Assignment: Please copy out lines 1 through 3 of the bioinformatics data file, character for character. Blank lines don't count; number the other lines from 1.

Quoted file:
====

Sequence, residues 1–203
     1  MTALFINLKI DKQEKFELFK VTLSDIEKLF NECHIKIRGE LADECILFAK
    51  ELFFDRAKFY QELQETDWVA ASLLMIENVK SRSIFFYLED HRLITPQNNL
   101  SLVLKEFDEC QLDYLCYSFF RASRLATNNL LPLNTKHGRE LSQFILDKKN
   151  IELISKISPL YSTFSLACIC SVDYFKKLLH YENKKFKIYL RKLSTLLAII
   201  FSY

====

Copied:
Sequence, residues 1–203
     1  MTALFINLKI DKQEKFELFK VTLSDIEKLF NECHIKIRGE LADECILFAK
    51  ELFFDRAKFY QELQETDWVA ASLLMIENVK SRSIFFYLED HRLITPQNNL